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Lesson 11. Displaying Data Based On Conditions (Case Statement)
Sometimes the data you want to output will depend on data in other columns. You can do that with a CASE statement in your SELECT clause.
The CASE statement comes in two flavors, but my personal preference is to always use what is called the searched CASE expression.
SQL Server evaluates the CASE statement in a lazy way. It does not check all conditions. It starts from the first condition and works its way down until a condition evaluates to true.

CASE Syntax

CASE
WHEN [boolean expression] THEN [display this] --you can have as many of these as necessary
ELSE [display this] --when no conditions are met, display this
END

Examples

Two Examples Of CASE Statements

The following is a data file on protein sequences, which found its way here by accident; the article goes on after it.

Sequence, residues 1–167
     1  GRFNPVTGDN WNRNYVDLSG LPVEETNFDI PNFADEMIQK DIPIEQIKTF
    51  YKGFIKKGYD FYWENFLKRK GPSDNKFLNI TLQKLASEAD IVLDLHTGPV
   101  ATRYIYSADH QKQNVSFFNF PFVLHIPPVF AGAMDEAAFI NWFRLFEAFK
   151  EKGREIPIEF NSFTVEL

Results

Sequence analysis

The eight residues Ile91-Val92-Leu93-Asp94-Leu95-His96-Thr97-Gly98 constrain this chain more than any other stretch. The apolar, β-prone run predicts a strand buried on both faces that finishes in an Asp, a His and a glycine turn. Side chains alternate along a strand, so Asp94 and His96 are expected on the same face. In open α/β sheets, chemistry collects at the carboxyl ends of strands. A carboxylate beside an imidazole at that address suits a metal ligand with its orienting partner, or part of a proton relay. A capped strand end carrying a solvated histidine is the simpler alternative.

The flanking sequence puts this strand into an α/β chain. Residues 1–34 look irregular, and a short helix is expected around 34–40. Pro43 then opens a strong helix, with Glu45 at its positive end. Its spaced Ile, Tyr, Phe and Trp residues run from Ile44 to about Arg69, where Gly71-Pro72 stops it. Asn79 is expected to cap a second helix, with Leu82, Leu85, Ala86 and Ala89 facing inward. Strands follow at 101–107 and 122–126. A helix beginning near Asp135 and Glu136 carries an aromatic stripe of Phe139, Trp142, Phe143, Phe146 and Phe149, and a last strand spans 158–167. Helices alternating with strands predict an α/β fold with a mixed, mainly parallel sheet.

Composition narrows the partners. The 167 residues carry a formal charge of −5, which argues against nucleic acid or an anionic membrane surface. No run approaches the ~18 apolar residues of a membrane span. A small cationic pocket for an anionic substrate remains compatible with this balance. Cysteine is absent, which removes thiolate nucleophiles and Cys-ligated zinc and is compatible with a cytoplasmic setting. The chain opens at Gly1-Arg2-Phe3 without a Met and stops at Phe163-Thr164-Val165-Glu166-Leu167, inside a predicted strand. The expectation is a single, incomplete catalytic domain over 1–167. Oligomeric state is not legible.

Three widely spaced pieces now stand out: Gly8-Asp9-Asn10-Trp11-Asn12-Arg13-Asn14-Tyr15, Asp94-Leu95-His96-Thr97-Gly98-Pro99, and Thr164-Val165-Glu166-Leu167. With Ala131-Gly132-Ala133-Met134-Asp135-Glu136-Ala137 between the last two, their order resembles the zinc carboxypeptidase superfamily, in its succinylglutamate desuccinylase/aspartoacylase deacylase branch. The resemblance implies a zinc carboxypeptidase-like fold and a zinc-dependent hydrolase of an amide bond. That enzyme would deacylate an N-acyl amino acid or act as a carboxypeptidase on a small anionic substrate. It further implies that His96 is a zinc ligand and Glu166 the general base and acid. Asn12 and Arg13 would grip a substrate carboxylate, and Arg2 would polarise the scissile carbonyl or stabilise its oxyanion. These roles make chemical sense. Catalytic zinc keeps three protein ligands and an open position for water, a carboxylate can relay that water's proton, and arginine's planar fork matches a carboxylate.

USE AdventureWorks2016
SELECT
ProductNumber,
Name AS ProductName,
Color,
CASE
WHEN Color IS NOT NULL THEN Color
ELSE 'Color Is Not Avalable'
END AS ProductColor
FROM Production.Product
SELECT
SalesOrderDetailID,
OrderQty,
LineTotal,
CASE
WHEN LineTotal BETWEEN 0 AND 1000 THEN 'These guys are cheap.'
WHEN LineTotal BETWEEN 1000 AND 20000 THEN 'These guys are alright.'
WHEN LineTotal > 20000 THEN 'These guys are big spenders'
ELSE 'Who the heck are these guys'
END AS CommentsFromTheCMO
FROM Sales.SalesOrderDetail
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CASE Syntax
Examples